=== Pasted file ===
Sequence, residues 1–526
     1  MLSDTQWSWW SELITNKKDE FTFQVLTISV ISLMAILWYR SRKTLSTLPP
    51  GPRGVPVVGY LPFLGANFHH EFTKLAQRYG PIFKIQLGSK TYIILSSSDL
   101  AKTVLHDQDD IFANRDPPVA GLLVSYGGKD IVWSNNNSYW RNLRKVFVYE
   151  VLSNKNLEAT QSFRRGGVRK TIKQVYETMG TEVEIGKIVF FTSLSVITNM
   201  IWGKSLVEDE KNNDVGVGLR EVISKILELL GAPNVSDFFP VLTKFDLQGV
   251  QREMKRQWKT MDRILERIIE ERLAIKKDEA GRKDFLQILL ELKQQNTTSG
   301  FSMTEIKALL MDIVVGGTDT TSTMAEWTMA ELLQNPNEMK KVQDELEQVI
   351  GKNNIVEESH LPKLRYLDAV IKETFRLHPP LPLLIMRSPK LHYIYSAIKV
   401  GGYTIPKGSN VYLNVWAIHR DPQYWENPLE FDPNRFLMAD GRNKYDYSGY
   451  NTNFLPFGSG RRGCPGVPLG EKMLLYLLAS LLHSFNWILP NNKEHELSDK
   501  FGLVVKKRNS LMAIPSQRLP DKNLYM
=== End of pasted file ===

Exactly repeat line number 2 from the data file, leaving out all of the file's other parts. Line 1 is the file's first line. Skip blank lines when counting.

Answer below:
     1  MLSDTQWSWW SELITNKKDE FTFQVLTISV ISLMAILWYR SRKTLSTLPP